SunPower Corporation (NASDAQ:SPWR) has a number of catalysts that are boosting its outlook. The Chinese-European trade war, Japan’s favorable feed in tariffs and strong partnerships are changing the company’s prospects. Momentum traders have taken hold of the stock and sent it flying, but fundamental investors should be aware that this boom is more than just hot air.
SunPower Corporation (NASDAQ:SPWR) has played its cards very well in the land of the rising sun. The government decided to offer a fat feed in tariff of 42 yen for 20 years for installations over 10 kilowatts (KW) or 42 yen for 10 years for installations under 10 KW. In Q1, 2013 Sunpower’s agreements with the Japanese companies Toshiba and Sharp brought in around 25% of all first quarter shipments.
SunPower Corporation (NASDAQ:SPWR)’s high efficiency cells are a great fit for the densely populated island. The company still has a way to go, but its global operations managed to produce $216 million in free cash flow in Q1, 2013.
First Solar, Inc. (NASDAQ:FSLR) is another U.S. firm that could benefit from the Japanese market and Chinese-Japanese antagonism. First Solar faces a number of challenges as its panel efficiencies are not nearly as high as the 21.5% offered by SunPower Corporation (NASDAQ:SPWR)’s X-Series panels. In a space constrained nation like Japan, panel efficiency is very important because it decrease real estate costs.
First Solar, Inc. (NASDAQ:FSLR) is working to increase its panel efficiencies, but serious improvements will take a couple of years to bring to market. With Japan’s very high feed in tariffs, there is a good chance that the market could overheat and First Solar may be stuck picking up the crumbs.
Even if First Solar’s growth prospects are not amazing, it is one of the few profitable solar manufactures. It has healthy profit margin 11.4% and a return on investment (ROI) of 9.9%. The firm’s thin film technology has proved to be very popular with utility customers, but as the retail and the commercial market heats up it remains to be seen just how First Solar will fare.
The China Factor
SunPower Corporation (NASDAQ:SPWR) and First Solar will benefit from the stiff 67.9% European tariffs on Chinese panels. When China attacks a problem it doesn’t go for a small solution. The Chinese government made solar manufacturing a national priority and created a global supply-demand imbalance that lead to Chinese dumping.
The bankruptcy of Suntech Power Holdings Co., Ltd. (ADR) (NYSE:STP) will help to correct this massive supply-demand imbalance and return pricing power to manufacturers. The company has$3.1 billion in total current liabilities andit defaulted on a $541 million convertible bond payment earlier this year.
Suntech Power Holdings Co., Ltd. (ADR) (NYSE:STP)‘s downfall wasn’t a surprise, as its latest quarterly report shows that it had just $474 million in cash; a serious decline from $648 million in June 2011. Continued advancements in manufacturing technologies mean that Suntech would be forced to spend billions that it doesn’t have on capital equipment, if it wants to stay competitive.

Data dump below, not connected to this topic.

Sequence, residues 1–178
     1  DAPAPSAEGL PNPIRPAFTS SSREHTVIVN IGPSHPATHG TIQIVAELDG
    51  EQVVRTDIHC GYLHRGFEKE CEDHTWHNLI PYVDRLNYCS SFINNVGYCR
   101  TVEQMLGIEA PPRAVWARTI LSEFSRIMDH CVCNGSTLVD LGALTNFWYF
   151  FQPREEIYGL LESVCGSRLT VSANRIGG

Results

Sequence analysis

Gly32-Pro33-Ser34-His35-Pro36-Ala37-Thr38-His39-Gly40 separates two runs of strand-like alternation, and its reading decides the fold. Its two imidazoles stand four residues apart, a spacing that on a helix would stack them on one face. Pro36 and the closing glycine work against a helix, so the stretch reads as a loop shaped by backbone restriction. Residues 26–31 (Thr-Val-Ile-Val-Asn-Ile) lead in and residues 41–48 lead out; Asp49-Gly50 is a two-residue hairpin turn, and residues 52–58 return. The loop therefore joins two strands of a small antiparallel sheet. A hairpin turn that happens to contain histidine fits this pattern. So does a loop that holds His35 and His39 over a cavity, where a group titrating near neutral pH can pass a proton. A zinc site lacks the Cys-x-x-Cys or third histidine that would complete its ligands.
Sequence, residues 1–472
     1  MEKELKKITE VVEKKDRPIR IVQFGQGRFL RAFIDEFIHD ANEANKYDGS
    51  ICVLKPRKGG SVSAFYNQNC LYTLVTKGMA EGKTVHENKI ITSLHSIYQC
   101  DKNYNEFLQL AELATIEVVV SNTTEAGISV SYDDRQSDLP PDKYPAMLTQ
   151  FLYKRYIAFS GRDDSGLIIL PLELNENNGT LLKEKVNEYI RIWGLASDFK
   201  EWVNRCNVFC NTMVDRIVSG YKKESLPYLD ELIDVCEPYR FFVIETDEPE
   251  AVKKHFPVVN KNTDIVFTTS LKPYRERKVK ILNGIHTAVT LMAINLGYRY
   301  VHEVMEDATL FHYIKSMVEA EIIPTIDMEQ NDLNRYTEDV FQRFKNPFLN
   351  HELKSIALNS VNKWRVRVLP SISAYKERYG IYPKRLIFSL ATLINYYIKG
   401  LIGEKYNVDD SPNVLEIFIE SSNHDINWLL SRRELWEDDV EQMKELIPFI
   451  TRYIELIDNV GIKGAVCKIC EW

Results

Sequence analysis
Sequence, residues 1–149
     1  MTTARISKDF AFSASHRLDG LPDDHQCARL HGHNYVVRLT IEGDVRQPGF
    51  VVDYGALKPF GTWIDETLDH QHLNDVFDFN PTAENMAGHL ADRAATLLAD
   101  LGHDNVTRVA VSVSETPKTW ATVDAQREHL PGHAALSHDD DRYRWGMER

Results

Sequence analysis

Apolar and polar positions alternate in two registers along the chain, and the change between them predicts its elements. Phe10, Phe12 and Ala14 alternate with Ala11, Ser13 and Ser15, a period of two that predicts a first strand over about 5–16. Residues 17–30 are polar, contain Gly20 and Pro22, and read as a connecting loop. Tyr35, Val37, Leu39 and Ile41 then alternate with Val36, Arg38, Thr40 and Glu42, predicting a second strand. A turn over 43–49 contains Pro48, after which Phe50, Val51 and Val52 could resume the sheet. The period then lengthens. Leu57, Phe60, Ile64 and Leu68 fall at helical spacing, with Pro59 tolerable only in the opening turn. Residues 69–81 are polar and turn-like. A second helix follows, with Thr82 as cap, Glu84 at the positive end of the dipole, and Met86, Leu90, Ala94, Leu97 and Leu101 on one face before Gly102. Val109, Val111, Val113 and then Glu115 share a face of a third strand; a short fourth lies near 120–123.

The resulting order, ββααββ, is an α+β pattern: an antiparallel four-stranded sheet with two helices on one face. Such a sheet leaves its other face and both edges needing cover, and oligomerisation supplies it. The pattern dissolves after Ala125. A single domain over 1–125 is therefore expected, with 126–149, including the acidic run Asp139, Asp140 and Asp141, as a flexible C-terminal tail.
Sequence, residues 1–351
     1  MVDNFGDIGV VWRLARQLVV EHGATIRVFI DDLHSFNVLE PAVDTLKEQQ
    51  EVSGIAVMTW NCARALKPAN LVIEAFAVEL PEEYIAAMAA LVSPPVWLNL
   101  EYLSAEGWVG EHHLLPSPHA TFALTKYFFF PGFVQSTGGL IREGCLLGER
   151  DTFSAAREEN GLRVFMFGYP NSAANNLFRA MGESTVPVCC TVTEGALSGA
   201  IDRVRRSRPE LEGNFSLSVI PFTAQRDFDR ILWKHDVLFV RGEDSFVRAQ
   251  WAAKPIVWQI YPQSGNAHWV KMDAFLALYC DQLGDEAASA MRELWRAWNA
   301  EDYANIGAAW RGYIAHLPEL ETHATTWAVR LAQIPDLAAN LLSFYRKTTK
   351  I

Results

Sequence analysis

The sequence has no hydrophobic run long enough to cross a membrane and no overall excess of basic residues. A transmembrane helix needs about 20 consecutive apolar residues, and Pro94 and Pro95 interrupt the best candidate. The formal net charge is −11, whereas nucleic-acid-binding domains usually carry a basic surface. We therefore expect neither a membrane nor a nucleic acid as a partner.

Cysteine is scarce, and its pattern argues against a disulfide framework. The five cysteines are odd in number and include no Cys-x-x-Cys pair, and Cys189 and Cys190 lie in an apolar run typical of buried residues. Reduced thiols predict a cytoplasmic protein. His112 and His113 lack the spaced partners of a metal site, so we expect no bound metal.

Yingli Green Energy Hold. Co. Ltd. (ADR) (NYSE:YGE) is another Chinese manufacturer, and is only marginally better than Suntech. Yingli Green Energy Hold. Co. Ltd. (ADR) (NYSE:YGE) has a high total debt to equity ratio of 6.55. With a gross margin of just 7.6% and a profit margin of -28.0%, Europe’s import tariffs will drag the company further down.
On the positive side, the company is one of the world’s most powerful low-cost producers. As of Q4, 2012 its overall non-silicon cost was $0.48 per watt and its overall silicon cost was $0.15 per watt. In the worst case scenario the firm would use its low costs to reorient itself to markets outside of the U.S. and the European Union.
Sunpower isn’t out of the woods yet, but its prospects are improving. It is producing significant free cash flow and its cash conversion cycle has fallen from above 100 to around 45. Its products are better designed for Japan’s space-constrained markets than First Solar’s. It isn’t saddled with huge debt loads like Suntech or Yingli Green Energy.
It is best to wait for a pullback in Sunpower, as momentum traders have recently driven the stock up to elevated levels. Sunpower’s current price around $20 per share means that it is trading at a 2014 forward price to earnings ratio around 23. The company is in a highly volatile market, but its improving fundamentals make it one stock to be kept on the watchlist.
The article Is the Sun Starting to Shine on SunPower? originally appeared on Fool.com and is written by Joshua Bondy.
Joshua is a member of The Motley Fool Blog Network — entries represent the personal opinion of the blogger and are not formally edited.
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